Monday 11 December 2017

Nicolas Roche: 'Blood goes everywhere apart from to your brain'

Tuesday, July 2 Stage 4: Team Time Trial, Nice (25km)

Team Saxo-Tinkoff riders
Team Saxo-Tinkoff riders

Nicolas Roche

THE post-stage transfer to mainland France from Corsica last night meant that we arrived pretty late to our hotel in Nice.

By the time we had a shorter than usual massage and dinner, it was 12.30 and time for bed, but at least today's team time trial didn't start until 3.15 so I had a bit of a lie-in this morning and didn't go down for breakfast until 9.0.

With the roads open to traffic until this afternoon, we just chilled out in the hotel before lunch. I spent the rest of the morning sorting out my suitcase, laying out piles of cycling gear for the pre-stage warm-up, the time trial and then the warm-down.

After lunch we left at 2.0 for two laps of the course before heading to the team bus at the start, where we changed into our racing kit. We then hopped on our road bikes, which were set up on rollers alongside the bus, as our mechanics brought our TT bikes to the bike check area before the stage start.

As I was warming up, Paul Kimmage came over and said hi and my Granny Roche, uncle Jude and cousin Jude were also there. In fact, I saw loads of Irish people around today, including superbike rider Eugene Laverty.

WANDERING

I went to see Eugene race in Monza recently where he gave me pit passes and I had a great time, so I returned the favour today.

He had been testing in Venice this morning and drove straight to the Tour afterwards where he collected his passes from the team bus and enjoyed wandering around the Tour Village this afternoon.

With a very strong Saxo-Tinkoff team here, we knew it was possible to go for the stage win today and wanted to do our best. I've always enjoyed team time trials, even if there is a lot of suffering involved.

All nine riders take turns into the wind and it's always an intense effort. With the clock stopping on the fifth man over the line, you want to get to the finish as quickly as possible, but you can't overdo it either.

If you ride too hard, you could end up not being able to contribute in the last few kilometres or dropping some of the weaker riders early on. You have to give the guy in front time to get back into the shelter of the last wheel and judge your effort properly.

You have to make a certain amount of efforts over the course of the stage but you want to give the maximum during all of those turns and you want to be able to do that last one just as well as the first.

We have a lot of experienced riders on the team and it was very smooth and quick today. I enjoyed it, even if I really pushed myself and went way over my threshold a few times.

I was on Roman Kreuziger's wheel with Sergio Paulinho behind me and I really wanted to give it my all for the team today. The hardest bit was trying to catch the wheel of Roman coming past as I got to the end of the line after my turn at the front.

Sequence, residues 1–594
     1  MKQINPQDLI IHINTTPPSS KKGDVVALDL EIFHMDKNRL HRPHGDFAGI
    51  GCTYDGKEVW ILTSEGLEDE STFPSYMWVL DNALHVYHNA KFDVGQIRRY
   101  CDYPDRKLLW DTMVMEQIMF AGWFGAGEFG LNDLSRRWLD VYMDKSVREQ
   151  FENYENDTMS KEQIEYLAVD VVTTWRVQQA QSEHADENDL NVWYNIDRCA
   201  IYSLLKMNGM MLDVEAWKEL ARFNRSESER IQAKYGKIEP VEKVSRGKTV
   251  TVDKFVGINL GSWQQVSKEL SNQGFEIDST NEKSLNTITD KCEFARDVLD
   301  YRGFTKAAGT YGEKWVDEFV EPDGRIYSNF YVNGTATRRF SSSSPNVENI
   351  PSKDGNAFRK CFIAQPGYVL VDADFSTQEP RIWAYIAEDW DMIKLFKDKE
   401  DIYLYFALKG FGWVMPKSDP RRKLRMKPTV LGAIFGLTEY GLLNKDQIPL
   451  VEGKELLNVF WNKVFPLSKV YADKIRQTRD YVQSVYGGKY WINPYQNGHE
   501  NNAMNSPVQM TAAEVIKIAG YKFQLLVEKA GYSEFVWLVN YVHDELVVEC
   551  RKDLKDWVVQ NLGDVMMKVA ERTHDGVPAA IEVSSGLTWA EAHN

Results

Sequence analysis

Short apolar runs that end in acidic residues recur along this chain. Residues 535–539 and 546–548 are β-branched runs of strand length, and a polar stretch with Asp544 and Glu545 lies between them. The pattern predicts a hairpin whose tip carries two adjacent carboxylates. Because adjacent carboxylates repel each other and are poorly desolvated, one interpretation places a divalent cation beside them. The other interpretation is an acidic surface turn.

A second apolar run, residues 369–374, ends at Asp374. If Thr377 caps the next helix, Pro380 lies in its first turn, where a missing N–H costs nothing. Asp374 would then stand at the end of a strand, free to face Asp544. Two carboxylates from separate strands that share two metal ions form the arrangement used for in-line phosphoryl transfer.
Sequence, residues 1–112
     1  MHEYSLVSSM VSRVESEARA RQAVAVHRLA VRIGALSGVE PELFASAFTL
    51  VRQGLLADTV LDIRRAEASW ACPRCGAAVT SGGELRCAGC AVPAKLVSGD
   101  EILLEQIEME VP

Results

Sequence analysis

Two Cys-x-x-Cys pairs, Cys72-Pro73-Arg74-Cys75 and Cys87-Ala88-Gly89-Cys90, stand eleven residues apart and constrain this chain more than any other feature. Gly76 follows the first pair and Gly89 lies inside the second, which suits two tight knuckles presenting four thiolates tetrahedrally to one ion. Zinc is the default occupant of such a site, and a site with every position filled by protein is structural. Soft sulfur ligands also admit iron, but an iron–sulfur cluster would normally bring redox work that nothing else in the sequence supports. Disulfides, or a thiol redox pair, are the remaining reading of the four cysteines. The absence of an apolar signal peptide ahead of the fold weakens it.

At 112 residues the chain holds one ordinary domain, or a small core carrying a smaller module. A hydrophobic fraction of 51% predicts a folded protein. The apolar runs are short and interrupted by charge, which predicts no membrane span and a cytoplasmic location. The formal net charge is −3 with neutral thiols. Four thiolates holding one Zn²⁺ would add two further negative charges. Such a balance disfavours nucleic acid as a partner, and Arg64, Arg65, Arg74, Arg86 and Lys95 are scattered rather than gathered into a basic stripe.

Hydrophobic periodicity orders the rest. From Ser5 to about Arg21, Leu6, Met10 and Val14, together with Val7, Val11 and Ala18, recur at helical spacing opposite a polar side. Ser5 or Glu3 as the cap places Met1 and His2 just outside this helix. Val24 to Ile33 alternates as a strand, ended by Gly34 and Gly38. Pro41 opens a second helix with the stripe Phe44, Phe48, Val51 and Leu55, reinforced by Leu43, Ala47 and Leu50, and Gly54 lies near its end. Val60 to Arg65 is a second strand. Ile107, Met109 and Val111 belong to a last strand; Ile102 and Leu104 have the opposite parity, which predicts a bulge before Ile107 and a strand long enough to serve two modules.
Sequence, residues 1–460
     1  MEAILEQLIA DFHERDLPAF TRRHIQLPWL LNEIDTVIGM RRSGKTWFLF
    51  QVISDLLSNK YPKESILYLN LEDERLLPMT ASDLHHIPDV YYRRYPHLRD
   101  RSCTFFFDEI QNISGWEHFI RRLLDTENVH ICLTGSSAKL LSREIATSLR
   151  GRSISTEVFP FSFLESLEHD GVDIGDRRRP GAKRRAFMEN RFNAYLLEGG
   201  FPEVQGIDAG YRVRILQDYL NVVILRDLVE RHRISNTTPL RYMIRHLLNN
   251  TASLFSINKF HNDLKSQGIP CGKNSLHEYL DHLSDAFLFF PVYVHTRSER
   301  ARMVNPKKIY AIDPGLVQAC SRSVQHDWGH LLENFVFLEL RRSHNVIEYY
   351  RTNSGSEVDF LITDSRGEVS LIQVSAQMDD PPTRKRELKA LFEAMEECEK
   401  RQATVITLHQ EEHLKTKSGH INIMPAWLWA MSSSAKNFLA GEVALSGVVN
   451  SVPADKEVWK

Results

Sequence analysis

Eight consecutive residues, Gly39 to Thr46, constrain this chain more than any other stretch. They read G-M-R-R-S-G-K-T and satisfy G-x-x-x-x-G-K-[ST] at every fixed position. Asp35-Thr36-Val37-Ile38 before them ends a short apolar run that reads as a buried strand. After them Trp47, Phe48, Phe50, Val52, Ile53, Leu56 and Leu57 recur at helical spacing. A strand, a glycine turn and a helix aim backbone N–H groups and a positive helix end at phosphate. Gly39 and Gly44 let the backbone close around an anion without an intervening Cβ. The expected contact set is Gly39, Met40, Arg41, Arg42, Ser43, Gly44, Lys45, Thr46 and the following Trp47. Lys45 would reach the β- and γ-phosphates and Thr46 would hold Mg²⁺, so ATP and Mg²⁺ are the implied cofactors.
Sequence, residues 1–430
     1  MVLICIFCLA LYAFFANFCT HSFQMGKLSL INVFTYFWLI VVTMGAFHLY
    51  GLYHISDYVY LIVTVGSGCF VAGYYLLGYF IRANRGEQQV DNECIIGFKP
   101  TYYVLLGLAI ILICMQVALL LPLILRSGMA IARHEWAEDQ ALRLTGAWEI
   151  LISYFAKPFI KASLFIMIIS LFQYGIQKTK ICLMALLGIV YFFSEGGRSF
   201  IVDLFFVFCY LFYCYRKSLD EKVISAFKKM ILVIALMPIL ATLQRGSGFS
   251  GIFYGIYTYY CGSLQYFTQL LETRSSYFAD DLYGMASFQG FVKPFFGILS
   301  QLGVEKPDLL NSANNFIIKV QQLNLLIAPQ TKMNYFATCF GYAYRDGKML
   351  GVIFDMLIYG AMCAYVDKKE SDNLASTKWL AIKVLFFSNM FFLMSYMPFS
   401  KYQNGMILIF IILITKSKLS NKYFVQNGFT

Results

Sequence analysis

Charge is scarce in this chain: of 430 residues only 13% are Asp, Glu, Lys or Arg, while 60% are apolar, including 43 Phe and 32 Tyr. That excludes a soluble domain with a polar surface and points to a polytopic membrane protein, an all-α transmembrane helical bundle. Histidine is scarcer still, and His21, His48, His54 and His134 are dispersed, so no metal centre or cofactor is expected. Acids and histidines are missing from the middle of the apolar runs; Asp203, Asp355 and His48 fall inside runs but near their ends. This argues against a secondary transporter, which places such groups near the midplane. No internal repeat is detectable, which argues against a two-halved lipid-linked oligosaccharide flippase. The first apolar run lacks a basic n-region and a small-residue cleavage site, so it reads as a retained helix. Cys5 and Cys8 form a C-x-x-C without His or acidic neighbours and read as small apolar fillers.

My Saxo-Tinkoff team were a second and a half off Team Sky at the intermediate time check, but when your heart is doing 190 beats per minute, your blood goes everywhere apart from to your brain.

You don't really think about anything except going as hard as you can and even if we had beaten Sky, the Orica GreenEdge team pulled off the fastest team time trial in Tour history with an average speed of 58kph for the 25km test and won the stage by a single second from world champions Omega Pharma Quickstep, while we finished a very solid fourth.

While we started with the full complement of nine riders, our Spanish climber Jesus Hernandez didn't have the legs to ride through on the 60kph flat sections and was forced to sit at the back, but we know his time to shine will come when we hit the high mountains later in this Tour.

We also lost Benjamin Noval when he got hit by a spectator's video camera some time after the first corner.

We noticed his hand was split open on the team bus afterwards; he had torn a tendon in his left index finger but he will start tomorrow.

We definitely gave our best today and apart from Benji's incident with the spectator, there wasn't much we would change. We didn't make any mistakes. There were three teams quicker than us and that was that. If Benji had been able to ride with us, it would have made a big difference.

While we might not necessarily have gone quicker, it just gives you that extra 10 or 20 seconds of recovery after you take your turn at the front and 20 seconds by just six changes is nearly a minute and a half extra recovery. We only lost the stage by nine seconds, so you never know.

As I was cycling back to the hotel, I saw a familiar figure riding towards me on the opposite side of the road. My little brother Alexis races as an U-16 now and he turned around and rode to the team hotel with me.

As we chatted together I noticed that he is now taller than I am. When we reached the hotel, my mother rang me saying Alexis had gone missing.

He had told her he was going training, but instead of doing his usual training spin, he rode the 20km or so from Antibes to watch the team time trial, rode back to the hotel with me and was now AWOL, so I put her mind at ease before Alexis set off for home and probably a good telling off.

After today's stage I'm up to ninth overall, nine seconds behind new race leader Simon Gerrans.

Being in the top 10 is nice, in that people realise you're in the Tour but, as I've said before, I'm not here to ride for GC this year.

I'm here to help my team leader Alberto Contador win this Tour and once we hit the big climbs, it's all going to change. Although my sore legs would probably disagree with me at the moment, I'm really looking forward to it.

Irish Independent

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